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We are floating a new scalable and performance-centric ASP.Net application in our organization which is currently in design phase.

The managers have decided taking a hybrid approach. They have decided to use CLR stored procedures extensively while T-SQL only for simple data manipulations.

I would like to know the following from the community:

  1. Whether there can be performance issues at a later stage with so many CLR stored procedures?
  2. If you had any performance issues, was there a fix available from the MS team?

Note: I did a google and found following most probable issues, haven't found a resolution for the first two though.

  1. When SQL Server loads assemblies, they are cached in memory. When the O/S signals memory pressure to SQL Server, explicit garbage collection may be run, and the assemblies may be unloaded. This can cause performance issues if it happens frequently.

  2. SQL CLR code cannot be costed accurately by the query optimiser, as it does not look at what the code actually does – this can affect execution plans.

  3. SQL CLR code can sometimes prevent parallelism as they are usually single threaded. Sometimes this can hurt performance. << Although I found a solution to this here Multi-threaded code in CLR Stored Procs? >>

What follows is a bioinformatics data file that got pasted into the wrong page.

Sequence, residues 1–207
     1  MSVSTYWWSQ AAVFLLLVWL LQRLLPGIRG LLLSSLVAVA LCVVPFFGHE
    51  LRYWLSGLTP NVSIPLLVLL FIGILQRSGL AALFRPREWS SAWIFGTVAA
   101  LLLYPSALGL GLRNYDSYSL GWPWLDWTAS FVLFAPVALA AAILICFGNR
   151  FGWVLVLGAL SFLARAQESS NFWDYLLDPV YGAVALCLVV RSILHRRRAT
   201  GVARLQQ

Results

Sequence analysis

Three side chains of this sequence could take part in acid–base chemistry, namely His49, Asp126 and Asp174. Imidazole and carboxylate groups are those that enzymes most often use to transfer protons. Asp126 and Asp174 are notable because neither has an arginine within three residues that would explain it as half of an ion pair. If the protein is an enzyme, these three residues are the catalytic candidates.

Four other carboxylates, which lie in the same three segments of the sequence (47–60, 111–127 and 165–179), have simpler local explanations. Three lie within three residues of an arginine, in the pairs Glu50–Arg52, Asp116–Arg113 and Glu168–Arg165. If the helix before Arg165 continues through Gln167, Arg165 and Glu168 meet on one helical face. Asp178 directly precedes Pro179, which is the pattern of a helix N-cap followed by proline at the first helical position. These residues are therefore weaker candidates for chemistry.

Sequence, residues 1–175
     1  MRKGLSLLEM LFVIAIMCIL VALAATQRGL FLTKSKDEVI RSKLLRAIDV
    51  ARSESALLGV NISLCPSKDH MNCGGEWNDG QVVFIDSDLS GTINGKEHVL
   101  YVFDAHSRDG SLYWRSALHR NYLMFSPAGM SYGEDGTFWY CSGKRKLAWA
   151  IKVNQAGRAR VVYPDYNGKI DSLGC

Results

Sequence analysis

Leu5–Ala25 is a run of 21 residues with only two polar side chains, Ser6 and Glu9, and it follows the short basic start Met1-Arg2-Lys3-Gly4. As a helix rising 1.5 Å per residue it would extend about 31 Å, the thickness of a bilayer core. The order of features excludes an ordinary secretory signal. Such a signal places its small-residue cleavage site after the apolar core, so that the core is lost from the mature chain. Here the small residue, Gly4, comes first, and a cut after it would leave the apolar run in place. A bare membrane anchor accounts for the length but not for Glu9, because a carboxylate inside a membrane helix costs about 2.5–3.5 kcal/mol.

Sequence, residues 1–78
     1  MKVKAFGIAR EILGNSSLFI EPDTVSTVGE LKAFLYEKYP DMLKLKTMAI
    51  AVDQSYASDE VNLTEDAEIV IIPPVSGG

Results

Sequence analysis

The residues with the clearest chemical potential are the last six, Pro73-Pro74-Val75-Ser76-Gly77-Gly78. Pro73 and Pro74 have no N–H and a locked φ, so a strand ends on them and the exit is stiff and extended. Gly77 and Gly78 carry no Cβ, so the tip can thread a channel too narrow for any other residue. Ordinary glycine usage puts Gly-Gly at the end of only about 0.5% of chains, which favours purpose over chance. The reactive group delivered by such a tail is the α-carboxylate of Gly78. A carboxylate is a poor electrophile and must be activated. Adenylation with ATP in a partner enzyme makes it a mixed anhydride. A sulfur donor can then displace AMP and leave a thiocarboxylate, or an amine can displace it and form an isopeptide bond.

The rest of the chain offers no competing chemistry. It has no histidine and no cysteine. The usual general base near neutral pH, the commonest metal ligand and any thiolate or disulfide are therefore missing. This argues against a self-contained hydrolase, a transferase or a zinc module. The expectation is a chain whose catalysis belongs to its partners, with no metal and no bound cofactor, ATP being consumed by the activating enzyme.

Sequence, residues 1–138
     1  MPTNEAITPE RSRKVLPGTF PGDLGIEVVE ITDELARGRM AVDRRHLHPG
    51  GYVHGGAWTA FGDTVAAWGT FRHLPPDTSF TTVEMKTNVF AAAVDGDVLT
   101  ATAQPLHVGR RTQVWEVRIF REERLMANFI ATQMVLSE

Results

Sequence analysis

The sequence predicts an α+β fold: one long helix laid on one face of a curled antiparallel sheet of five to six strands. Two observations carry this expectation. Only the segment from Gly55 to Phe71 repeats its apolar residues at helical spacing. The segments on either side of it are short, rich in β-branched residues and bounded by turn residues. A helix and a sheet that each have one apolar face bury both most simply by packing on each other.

Let me know of issues and fixes with CLR stored procedures.

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Just one word of advice: do data manipulation tasks like selecting or updating data in T-SQL - it's much better (in every respect, including performance) than using SQL CLR and C# to do the same task. Limit SQL CLR to do the things T-SQL sucks at - calling external web services, extensive and advanced string and data manipulation and stuff like that. Just because you can iterate over a table and update each row-by-agonizing-row in a SQL CLR stored procedure doesn't mean you should .. –  marc_s Mar 29 '12 at 20:33

1 Answer 1

I have done CLR assemblies for SQL server. It was painful experience. There are many limitations you can use in such kind of CLR project. For example, it would be impossible to use third-party libraries and Open source libraries. Some libs cannot just be deployed to SQL server. You only have a limited libraries you can use.

The second issue is the deployment and permission settings. If you have DBA have very restricted policy for a database, you just cannot deploy your CLR assemblies to the database.

My advice is to write your database components as libraries for your ASP.Net. It is much easy and without limitations like CLR assembly for SQL server.

In 2008, I wrote a serials blogs on this issue: SQL Sever Projects (1-4). You may use them as your reference.

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Upvote for a nice alternative. Still this does not answer my question regarding CLR SP. – Apr 2 '12 at 14:07

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